R. Dale Flick
Old Coal Haven Landing, Ohio River, Cincinnati.

Bob Reynolds 10-26-2016 08:52 AM

Thanks for the info., Judy. It's not that we don't care, but to reply with at least 25 characters has become a bit of a chore, with FB "like" buttons and whatnot. That does not mean is irrelevant, just that many read and don't always reply...

Judy Patsch 10-26-2016 12:17 PM

Belle Madison capacity
They keep it at about 230 so that all fit into the dining/ballroom at once. That was good for the buffet but this year it wasn't a necessity to be inside otherwise with the great weather we had.
Yes, Bob, I too have migrated mostly to Facebook mainly because of the simplicity of posting multiple photos at once, and that is now where the audience is. Unfortunately though we don't get much depth in threads because so many don't bother to read the thread before posting already answered questions or reposting comments. This is still the place for serious? steamboat discussions, like Jim's spittoon thread ;-)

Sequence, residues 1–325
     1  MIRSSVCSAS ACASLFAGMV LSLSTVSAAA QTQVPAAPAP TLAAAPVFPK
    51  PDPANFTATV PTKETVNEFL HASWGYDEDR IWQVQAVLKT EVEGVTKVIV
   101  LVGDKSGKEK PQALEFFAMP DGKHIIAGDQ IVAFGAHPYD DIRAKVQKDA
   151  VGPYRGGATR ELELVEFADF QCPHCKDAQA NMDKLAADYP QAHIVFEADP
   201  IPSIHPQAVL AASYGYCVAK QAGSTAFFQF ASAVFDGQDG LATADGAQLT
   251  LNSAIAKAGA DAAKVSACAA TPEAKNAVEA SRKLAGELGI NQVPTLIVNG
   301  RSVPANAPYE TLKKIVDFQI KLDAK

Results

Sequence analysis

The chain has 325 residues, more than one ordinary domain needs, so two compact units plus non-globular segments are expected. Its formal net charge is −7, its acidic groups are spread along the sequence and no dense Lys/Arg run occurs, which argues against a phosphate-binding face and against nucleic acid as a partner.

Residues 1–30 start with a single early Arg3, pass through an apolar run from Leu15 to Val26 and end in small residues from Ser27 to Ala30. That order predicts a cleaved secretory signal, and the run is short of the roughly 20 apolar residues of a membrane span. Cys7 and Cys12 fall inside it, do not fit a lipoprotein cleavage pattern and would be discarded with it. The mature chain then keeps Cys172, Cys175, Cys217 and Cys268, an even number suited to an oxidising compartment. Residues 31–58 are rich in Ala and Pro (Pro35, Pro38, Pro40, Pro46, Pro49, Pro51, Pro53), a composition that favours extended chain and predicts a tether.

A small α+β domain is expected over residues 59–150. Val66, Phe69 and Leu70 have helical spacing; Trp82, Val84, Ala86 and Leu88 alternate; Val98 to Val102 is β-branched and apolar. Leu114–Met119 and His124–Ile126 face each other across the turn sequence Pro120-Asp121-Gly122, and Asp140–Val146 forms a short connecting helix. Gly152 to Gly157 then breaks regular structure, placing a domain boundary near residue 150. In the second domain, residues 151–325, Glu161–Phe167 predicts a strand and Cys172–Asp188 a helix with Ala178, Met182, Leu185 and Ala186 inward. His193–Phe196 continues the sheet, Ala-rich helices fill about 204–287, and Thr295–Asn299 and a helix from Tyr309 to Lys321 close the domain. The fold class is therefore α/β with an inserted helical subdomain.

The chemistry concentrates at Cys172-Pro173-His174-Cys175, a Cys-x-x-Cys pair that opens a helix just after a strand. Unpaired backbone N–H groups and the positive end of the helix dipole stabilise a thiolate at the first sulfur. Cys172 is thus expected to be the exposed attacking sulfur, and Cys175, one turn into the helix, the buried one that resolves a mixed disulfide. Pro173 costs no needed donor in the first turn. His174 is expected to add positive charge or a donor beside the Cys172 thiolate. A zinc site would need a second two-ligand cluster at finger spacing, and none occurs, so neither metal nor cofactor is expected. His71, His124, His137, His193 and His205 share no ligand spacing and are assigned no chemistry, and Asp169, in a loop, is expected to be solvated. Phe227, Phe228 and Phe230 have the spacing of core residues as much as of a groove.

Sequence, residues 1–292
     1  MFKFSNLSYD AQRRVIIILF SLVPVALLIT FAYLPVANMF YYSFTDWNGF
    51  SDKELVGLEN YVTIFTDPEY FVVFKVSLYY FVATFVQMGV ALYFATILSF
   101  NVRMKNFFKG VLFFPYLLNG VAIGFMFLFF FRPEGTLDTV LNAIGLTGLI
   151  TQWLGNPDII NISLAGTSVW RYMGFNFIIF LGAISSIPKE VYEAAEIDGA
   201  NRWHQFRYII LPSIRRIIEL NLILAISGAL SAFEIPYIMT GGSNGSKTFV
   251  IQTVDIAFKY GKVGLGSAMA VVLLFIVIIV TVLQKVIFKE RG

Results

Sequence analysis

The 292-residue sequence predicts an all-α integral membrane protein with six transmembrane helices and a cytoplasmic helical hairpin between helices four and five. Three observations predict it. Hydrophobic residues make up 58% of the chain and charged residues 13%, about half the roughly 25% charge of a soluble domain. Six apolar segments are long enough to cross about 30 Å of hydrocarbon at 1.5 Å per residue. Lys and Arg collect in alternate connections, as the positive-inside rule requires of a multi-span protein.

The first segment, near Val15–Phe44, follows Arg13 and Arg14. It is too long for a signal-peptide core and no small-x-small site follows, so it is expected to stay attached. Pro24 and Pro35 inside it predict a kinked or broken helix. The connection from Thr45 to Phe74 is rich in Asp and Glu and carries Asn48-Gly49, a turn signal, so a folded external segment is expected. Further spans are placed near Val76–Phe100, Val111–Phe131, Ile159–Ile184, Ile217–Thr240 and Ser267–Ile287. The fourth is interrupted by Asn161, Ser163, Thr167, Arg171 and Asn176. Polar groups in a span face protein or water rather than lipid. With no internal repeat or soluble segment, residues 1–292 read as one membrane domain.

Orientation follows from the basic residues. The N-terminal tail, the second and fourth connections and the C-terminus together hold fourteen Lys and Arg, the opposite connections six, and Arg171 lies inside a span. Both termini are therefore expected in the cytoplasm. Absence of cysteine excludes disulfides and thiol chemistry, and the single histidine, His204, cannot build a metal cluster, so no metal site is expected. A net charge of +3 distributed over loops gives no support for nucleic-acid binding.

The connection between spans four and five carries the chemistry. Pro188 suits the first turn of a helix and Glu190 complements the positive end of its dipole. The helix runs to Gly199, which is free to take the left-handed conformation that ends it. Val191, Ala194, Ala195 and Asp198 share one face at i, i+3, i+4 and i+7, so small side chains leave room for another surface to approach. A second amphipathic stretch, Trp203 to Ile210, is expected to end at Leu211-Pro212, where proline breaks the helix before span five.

Jim Reising 10-27-2016 10:11 AM

You didn't like the spittoon thread????? Where else on the internet could you get into serious discussion of the expectorant habits of the 19th century? Only in depth subjects discussed here. Perhaps next time we'll have ask the question "are rotating paddlewheels an effective marine sanitation device?"

Judy Patsch 10-27-2016 03:33 PM

An unscientific answer
Every time I walk into the BELLE's luxurious ladies room with marine toilets and wooden stall doors, I think back to the 50s where behind a burlap curtain one could see the river through the toilet stool....when I rode the DQ and watched the boaters try to ride her wheelwash as close as possible, those AVALON open toilet images came to mind!!!

Keith Norrington 10-27-2016 07:19 PM